Fun Fact: Fortnite: Save the World was the hottest culture phenomenon since Pokemon and Minecraft, and it brought in a whopping $2.4 billion. This model has since gone on to feed the banks of other popular titles like Call of Duty WARZONE, which has also seen a ridiculous amount of success in the gaming industry.
Stake: 11.5 percent
Games: PlayerUnknown’s Battlegrounds (PUBG | 2016)
As if Tentent’s timing wasn’t lucky enough to have acquired a portion of Epic Games when they did, they had secured a piece of the pie of Fortnite’s biggest competitor, PlayerUnknown’s Battlegrounds – or more familiarly known, PUBG. There are two stake purchases in and after 2017 – one for 1.5 percent and 10 percent – with undisclosed amounts.
Fun Fact: Tencent has the rights to publish both games, so it technically competes with itself. Imagine if Google and YouTube, two of the biggest search engines in the world, were owned by the same company. That would be complete insanity.
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Don’t feel left out if a video game that you are playing is entirely safe from your information getting used for malicious reasons. Below is a short list of some other notable acquisitions of stakes in gaming companies that Tencent has completed when creating this post.
Disclaimer: Many of these are alleged. Not all transactions between the gaming companies and Tencent have been officially confirmed. Most of these are rumors and should be considered as such.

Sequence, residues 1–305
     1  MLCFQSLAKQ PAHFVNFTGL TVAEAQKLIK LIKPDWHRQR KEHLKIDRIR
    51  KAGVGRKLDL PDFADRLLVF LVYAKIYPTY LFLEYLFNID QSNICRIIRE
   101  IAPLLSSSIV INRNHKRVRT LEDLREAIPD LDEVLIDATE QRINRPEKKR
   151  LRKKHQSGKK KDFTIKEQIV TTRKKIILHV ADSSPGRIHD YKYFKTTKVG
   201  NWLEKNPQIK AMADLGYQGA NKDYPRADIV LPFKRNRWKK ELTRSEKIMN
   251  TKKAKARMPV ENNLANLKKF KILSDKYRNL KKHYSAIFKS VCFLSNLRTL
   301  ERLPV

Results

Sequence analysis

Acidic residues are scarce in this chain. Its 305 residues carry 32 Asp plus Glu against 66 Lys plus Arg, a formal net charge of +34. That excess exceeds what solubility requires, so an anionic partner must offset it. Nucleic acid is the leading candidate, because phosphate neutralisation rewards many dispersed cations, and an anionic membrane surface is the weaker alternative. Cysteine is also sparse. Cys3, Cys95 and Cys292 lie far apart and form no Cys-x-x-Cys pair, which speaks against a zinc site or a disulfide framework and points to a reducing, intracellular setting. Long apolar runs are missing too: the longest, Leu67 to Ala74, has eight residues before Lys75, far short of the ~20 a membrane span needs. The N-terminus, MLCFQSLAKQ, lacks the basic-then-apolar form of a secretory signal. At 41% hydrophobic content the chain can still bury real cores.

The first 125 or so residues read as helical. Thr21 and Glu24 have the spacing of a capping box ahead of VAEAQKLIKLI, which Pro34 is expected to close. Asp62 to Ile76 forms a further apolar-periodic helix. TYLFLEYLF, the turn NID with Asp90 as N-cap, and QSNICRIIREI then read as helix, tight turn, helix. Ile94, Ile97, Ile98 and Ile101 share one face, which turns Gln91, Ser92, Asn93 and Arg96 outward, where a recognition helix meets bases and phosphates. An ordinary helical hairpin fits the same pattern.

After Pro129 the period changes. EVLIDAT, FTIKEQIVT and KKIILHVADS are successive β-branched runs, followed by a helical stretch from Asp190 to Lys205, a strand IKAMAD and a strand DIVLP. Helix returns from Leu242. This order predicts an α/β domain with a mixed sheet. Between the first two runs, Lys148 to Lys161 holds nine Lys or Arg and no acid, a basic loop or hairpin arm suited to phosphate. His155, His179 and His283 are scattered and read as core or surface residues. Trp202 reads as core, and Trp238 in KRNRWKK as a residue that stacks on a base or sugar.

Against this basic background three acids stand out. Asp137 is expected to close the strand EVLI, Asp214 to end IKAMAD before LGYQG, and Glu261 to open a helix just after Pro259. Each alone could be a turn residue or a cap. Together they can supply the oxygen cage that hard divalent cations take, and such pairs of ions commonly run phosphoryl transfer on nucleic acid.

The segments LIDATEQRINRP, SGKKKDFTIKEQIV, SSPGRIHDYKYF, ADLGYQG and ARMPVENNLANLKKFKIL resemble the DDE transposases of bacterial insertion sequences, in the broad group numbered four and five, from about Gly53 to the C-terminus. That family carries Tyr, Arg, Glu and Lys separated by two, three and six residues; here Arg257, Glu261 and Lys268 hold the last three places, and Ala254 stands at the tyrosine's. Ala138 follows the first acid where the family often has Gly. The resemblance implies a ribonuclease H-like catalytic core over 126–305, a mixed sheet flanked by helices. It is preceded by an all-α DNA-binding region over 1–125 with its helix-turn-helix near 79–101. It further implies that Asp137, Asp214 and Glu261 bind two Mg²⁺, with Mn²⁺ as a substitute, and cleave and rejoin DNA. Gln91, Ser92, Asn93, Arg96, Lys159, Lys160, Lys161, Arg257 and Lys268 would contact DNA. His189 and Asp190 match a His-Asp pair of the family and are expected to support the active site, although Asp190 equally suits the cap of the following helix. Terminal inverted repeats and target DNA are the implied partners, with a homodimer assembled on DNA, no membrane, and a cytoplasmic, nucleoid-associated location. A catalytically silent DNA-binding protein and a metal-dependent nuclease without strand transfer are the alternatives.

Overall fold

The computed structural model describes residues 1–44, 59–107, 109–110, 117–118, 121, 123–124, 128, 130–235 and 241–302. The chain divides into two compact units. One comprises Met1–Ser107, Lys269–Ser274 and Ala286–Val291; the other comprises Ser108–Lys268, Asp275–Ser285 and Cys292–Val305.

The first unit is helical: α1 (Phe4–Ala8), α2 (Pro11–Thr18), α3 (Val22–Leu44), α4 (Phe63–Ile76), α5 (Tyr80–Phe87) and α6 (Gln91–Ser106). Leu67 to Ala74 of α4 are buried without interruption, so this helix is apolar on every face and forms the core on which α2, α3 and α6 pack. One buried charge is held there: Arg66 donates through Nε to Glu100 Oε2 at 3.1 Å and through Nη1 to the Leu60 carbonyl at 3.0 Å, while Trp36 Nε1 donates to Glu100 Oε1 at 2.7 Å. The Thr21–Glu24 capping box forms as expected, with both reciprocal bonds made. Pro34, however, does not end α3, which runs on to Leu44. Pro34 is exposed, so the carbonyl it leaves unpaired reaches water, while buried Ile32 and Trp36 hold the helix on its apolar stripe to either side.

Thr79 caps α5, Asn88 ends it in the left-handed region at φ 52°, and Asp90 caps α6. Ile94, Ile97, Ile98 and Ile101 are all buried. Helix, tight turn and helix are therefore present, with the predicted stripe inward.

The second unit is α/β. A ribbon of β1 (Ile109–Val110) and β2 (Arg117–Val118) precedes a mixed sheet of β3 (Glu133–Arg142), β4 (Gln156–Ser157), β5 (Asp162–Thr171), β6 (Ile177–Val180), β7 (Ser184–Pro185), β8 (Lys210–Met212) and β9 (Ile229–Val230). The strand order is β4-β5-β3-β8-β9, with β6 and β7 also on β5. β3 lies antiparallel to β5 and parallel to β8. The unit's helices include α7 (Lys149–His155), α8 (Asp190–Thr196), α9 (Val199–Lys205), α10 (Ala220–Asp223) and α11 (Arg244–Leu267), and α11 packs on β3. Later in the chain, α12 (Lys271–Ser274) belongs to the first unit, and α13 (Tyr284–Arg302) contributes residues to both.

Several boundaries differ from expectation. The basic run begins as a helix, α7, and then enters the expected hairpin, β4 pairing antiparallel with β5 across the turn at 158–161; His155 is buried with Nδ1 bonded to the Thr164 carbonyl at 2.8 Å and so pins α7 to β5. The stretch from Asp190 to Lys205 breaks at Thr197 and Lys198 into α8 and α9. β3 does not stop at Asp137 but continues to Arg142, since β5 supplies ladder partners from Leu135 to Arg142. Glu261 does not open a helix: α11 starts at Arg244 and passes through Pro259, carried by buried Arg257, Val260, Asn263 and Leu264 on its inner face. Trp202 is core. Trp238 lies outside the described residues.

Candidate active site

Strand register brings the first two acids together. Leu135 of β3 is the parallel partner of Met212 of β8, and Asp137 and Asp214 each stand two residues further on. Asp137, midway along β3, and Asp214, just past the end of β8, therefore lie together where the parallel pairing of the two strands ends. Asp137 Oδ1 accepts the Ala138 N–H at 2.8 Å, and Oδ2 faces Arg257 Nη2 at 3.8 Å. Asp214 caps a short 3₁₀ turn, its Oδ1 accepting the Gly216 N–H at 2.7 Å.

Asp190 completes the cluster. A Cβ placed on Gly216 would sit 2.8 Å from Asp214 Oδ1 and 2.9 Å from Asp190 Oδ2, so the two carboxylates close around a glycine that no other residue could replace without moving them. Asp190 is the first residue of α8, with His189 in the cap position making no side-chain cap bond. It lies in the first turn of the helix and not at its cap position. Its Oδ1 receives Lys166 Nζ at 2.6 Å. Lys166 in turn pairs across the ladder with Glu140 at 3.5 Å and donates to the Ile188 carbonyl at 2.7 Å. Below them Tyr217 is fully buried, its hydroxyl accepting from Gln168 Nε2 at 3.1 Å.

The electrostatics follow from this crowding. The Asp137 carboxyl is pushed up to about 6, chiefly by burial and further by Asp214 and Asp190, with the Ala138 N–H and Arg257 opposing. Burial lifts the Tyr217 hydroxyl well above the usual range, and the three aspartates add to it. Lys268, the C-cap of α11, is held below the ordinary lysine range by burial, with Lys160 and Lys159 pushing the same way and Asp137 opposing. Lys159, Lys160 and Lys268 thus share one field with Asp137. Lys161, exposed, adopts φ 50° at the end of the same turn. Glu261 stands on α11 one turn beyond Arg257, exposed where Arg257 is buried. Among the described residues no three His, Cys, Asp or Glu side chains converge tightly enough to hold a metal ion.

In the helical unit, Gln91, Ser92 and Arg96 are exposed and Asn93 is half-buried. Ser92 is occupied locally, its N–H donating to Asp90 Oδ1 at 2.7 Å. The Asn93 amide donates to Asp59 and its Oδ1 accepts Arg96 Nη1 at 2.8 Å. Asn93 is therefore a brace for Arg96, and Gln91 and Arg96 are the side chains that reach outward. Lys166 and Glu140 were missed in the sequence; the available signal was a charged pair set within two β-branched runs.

Ubisoft – 5 percent
Tencent is a silent partner who cannot increase voting rights or ownership stake in Ubisoft, which means a hostile takeover by Tencent is impossible.
Activision Blizzard – 5 percent
Around the time Activision and Blizzard had merged, the combo company bought Vivendi Games’s share of the company back, and Tencent took the chance to purchase 5 percent of the company. The amount has yet to be released.
Sharkmob – 100 percent
Developers from The Division and Hitman franchises combined to make this company, and Tencent entirely bought that company in 2019. They have yet to release their first video game, though.
Discord – Undisclosed
In the wake of Discord’s shower of funding – upwards of $158 million to be approximate – Tencent, among many other investors, dipped its finger in the icing for an undisclosed amount.
These are some heavy hitters in the gaming industry that most gamers are familiar with either through watching their games being streamed or signing in and playing themselves. Either way, it’s obvious why the government is freaking out about all of these acquisitions.
Are you an American gamer at risk?
Honestly, there is no way to say for sure; it is a worldwide concern as many of the companies being acquired by Tencent aren’t all in America. It’s not just America who should be concerned about any malicious conspiracy. Unfortunately, that’s all it is at the moment: a conspiracy. For now, continue to enjoy your favorite games and be safe with your information like you would when browsing the web.
Which of the game companies on the list have video games that you play? If you know of any companies that should have made this list, don’t hesitate to comment and let us know.
Also, you might feel left out with all this talk of big purchases. If you’re reading this, you probably aren’t buying 5% of any of the companies at the moment. However, you don’t have to be a bigwig to invest in video games.